Before looking at the textbook ZKP for discrete log, I tried to construct one myself. This turned out quite different to the textbook one, and I've been wondering what might be wrong with it? (I was unable to refute any of the ZKP requirements, so I guess I'm missing something).

The original problem:

Given $g,h \in \mathbb{Z}_p^x$ ($g$ being the generator), provide a ZKP for the knowing $x \in \mathbb{Z}_p^x$ such that $g^x=h$.

My suggestion:

  • The verifier chooses a random $r\in \mathbb{Z}_p^x$ and sends $h^r$ to the prover.
  • The prover sends back its best guess for $g^r$, denoted $a$.
  • The verifier asserts that $a=g^r$.

If the prover indeed knows $x$ then he will send: $a=(g^{rx})^{x^{-1}}=g^r$.

If the prover does not know $x$ then, in order to get $a=g^r$ from knowing $g^{rx}$ he has to solve discrete log for $(g^r)^x$ to recover $g^r$, i.e. discrete log for $g^x$.

If the verifier is dishonest, I don't see how he can gain an edge on discovering $x$.

What am I missing?

  • $\begingroup$ How would you go about proving knowledge soundness? How would you prove zero knowledge? $\endgroup$
    – Maeher
    Aug 24, 2022 at 8:07
  • 1
    $\begingroup$ “In order to get $g^r$ from $g^{rx}$ [the prover] has to solve discrete log”: this is not how the discrete log problem is defined. The DLP asks for the exponent of some element (relative to some fixed base), but here you are asking for the “$x$th root” of the element $g^{rx}$, which is very different. This might or might not be hard to compute, but it’s not the discrete log. Formally, you would need to show a knowledge extractor that computes $x$ after interacting with the prover according to the protocol, and it’s not clear how to do that for this protocol. $\endgroup$ Aug 27, 2022 at 11:41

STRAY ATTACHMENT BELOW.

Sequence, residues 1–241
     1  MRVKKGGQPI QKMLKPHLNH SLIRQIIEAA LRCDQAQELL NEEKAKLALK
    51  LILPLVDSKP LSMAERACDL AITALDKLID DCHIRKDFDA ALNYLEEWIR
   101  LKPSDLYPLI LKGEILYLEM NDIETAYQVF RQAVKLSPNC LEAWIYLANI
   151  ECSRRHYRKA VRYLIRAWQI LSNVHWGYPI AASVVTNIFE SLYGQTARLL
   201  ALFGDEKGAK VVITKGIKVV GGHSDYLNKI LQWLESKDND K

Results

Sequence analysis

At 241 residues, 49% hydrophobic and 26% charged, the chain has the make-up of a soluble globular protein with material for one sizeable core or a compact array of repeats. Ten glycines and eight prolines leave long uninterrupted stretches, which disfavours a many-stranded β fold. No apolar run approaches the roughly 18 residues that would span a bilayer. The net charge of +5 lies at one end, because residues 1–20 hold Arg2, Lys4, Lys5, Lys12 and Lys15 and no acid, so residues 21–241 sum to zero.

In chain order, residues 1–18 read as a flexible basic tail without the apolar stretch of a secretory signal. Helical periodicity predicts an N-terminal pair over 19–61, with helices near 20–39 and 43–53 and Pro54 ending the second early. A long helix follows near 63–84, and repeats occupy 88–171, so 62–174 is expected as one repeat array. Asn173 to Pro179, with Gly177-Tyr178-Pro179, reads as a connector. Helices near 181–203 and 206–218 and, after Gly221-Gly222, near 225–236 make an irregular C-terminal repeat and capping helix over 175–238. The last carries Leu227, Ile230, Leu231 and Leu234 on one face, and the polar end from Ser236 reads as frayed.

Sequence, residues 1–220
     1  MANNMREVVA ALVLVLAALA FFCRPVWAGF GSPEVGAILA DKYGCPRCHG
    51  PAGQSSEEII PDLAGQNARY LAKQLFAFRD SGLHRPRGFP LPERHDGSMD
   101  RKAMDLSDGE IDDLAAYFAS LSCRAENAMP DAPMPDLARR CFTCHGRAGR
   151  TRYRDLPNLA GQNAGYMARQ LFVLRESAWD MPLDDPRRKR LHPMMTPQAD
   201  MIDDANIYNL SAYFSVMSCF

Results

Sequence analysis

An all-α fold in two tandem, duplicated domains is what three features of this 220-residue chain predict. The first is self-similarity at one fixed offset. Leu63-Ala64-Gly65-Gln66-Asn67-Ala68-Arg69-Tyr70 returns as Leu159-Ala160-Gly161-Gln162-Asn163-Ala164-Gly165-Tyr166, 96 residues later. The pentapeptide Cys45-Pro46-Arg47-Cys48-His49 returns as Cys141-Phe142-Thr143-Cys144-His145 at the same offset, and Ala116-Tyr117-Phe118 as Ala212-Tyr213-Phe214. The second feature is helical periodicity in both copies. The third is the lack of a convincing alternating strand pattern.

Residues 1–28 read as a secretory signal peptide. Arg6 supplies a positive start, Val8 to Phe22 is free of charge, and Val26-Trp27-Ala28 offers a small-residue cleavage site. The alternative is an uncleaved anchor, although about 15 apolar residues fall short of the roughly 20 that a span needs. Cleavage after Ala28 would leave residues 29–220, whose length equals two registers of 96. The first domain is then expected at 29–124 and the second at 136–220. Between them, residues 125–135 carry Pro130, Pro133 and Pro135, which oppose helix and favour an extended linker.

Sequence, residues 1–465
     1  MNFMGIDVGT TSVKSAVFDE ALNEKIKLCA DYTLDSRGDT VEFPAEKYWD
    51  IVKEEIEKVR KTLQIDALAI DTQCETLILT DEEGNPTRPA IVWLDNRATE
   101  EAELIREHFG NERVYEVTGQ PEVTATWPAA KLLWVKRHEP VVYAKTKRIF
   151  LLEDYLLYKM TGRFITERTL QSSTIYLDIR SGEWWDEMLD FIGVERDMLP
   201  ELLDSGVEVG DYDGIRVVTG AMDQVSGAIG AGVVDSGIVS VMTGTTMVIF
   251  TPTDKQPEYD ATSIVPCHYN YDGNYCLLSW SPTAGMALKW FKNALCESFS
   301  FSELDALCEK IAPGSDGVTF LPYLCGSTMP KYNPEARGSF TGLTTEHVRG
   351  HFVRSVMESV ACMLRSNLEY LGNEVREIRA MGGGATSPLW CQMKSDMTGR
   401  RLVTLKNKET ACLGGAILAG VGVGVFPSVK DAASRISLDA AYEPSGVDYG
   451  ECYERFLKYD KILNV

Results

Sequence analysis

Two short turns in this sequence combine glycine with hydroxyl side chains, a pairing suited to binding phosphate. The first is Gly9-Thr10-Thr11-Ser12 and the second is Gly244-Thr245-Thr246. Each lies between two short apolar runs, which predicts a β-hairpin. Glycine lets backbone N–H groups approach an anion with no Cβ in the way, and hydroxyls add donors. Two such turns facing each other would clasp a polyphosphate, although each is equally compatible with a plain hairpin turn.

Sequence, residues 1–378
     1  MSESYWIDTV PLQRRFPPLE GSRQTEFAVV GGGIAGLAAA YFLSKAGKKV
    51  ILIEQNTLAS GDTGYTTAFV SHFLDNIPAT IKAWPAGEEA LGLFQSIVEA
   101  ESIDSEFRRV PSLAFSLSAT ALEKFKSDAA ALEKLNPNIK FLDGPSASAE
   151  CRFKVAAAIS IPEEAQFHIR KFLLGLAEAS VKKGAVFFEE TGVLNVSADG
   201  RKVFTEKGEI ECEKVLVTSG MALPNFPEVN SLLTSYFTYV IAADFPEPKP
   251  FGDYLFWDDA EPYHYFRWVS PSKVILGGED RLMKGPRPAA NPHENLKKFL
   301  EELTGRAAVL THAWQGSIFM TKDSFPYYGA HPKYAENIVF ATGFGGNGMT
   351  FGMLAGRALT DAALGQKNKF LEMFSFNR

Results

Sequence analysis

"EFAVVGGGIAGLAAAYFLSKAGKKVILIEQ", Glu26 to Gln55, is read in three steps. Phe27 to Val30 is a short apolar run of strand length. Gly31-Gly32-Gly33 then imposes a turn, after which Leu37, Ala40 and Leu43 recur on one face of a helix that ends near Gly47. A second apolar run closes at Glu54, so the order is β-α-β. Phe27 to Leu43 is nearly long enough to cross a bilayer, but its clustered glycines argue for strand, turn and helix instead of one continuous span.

1 Answer 1


Good question. Note that being "zero-knowledge" means more than "not learning x". It means that you shouldn't learn anything at all from the protocol (this is formalized with the simulation paradigm).

In particular your protocol is not ZK against a malicious verifier. This is easy to see, since the verifier could be choosing some arbitrary group element $f$ instead of $h^r$ and then the verifier would learn $f^{1/x}$. This is some extra information that the verifier isn't supposed to learn.

  • $\begingroup$ This answer is not quite as satisfying as one might hope for. If we're talking about computational ZK, the simulator does not need to produce $f^{1/x}$, but only something indistinguishable from it. It may not be immediately obvious that that's not possible. $\endgroup$
    – Maeher
    Aug 25, 2022 at 7:02

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